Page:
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'Walk a mile in our shoes': 24-hour shifts, cancelled vacations, job vacancies highlight B.C. nursing crisis

Vancouver -

Frontline health-care workers across B.C. are painting a dire picture of hospitals struggling to function amidst serious staffing shortages, with nurses facing the biggest crunch as COVID-19 hospitalizations once again surge

CTV News Vancouver has spoken with hospital workers at various levels and job descriptions, who say after 18 months of the COVID-19 pandemic, shifts are going unfilled across departments -- from operating rooms to labs to janitorial personnel. It’s affecting morale and sometimes jeopardizing patient safety, the workers say.

Some workers have quit in what the Canadian Federation of Nurses Unions describes as a crisis. The federation has called for a national day of action next month to highlight the fact that “nurses and health-care staff are overworked, underpaid, burnt out, and suffering moral distress because there are not enough staff to provide the care patients deserve.” 

In B.C., the provincial nurses’ union says years of dealing with the challenges of the opioid epidemic, more than a year of labouring under sweaty and restrictive personal protective equipment while worrying for their families’ safety, and now struggling to care for patients suffering from heat waves, wildfire smoke and the fourth wave of COVID-19, have nurses at a breaking point

“I heard just the other day that some nurses are being mandated to work 24 hours,” said British Columbia Nurses Union vice-president Aman Grewal of the shifting required to cover vacant positions or unfilled shifts.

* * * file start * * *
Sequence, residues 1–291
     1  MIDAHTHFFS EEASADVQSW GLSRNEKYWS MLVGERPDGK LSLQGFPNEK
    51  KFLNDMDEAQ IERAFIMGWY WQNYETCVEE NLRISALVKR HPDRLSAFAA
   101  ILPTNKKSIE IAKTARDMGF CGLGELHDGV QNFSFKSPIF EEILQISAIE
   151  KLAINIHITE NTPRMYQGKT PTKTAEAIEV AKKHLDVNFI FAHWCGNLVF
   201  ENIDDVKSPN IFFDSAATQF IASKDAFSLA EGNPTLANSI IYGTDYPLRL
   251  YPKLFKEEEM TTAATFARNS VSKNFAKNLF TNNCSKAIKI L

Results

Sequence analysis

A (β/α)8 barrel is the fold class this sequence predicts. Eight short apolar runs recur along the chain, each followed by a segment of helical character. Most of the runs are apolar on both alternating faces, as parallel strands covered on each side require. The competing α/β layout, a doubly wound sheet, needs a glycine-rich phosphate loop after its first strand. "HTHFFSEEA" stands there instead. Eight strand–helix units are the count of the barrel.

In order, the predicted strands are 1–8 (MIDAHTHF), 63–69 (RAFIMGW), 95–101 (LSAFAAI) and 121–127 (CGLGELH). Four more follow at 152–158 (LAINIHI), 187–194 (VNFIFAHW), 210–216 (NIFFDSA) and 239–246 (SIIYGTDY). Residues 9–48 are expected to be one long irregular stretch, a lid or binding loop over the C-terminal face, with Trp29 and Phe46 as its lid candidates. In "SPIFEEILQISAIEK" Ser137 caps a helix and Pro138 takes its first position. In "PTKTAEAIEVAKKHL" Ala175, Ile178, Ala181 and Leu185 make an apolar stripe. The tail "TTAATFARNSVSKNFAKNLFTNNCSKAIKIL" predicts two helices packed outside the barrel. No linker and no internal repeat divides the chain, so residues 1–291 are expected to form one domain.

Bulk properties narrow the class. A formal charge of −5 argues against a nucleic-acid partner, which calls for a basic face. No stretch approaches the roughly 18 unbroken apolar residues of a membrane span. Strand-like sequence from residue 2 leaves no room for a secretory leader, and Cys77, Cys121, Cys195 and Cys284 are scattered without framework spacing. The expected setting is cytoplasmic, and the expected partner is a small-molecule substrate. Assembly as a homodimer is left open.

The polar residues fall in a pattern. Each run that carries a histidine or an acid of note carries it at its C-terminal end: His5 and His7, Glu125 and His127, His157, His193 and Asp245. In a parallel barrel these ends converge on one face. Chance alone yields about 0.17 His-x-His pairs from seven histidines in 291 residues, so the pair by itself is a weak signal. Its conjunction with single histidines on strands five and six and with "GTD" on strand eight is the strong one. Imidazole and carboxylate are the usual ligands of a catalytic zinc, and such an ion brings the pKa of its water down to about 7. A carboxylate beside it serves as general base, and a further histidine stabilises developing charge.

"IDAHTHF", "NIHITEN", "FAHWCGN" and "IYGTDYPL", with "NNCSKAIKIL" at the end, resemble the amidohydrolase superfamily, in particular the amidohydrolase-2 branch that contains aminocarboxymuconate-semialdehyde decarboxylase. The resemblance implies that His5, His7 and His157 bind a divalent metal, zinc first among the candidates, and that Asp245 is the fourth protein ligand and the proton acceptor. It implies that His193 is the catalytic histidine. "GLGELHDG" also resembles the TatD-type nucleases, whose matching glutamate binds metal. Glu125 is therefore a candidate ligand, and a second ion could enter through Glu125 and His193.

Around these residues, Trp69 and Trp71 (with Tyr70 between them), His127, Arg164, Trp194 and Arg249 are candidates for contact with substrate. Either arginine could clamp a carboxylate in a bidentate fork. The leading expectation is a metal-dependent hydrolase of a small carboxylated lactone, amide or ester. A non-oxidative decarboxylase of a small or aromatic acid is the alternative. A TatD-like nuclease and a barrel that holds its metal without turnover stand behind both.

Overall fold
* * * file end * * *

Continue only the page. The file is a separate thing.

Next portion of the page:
“For some, when they thought they’d have a break, they didn’t get that break. They’re now being told their vacation is being cancelled and they have to come back to work.”

Nurses in Metro Vancouver, Vancouver Island and the Okanagan told CTV News some shifts are so short-staffed -- particularly as hospitals try to catch up on cancelled surgeries -- they fear for patient safety.

“It’s going to take longer to get to that patient and meet that patient’s needs, so it is impacting them,” said Grewal. “During the heat dome, nurses at one site were down half their workforce. Out of 39 nurses, only 19 were working on that particular weekend. Can you imagine if you were working with half your staffing?”

CTV News has asked Vancouver Coastal Health and Fraser Health for statistics on open job postings for nursing positions, but did not recieve them by the time of publishing.


B.C.’s Minister of Health has made it a priority to make up for surgeries cancelled last year when hospitals were cleared in anticipation of an overwhelming number of COVID-19 patients. Surgeries had resumed when the third wave hit, prompting a new round of cancellations as hospitals were overwhelmed, leading to and more catch-up down the road. 

A number of health-care workers described the pressure and stress of trying to perform the same number of surgeries, despite the many restrictions of working with PPE and enhanced sanitation requirements. They described the surgical renewal effort as unrealistic and damaging, and said it is exacerbating the dual crisis of short-staffed workers struggling with shattered morale.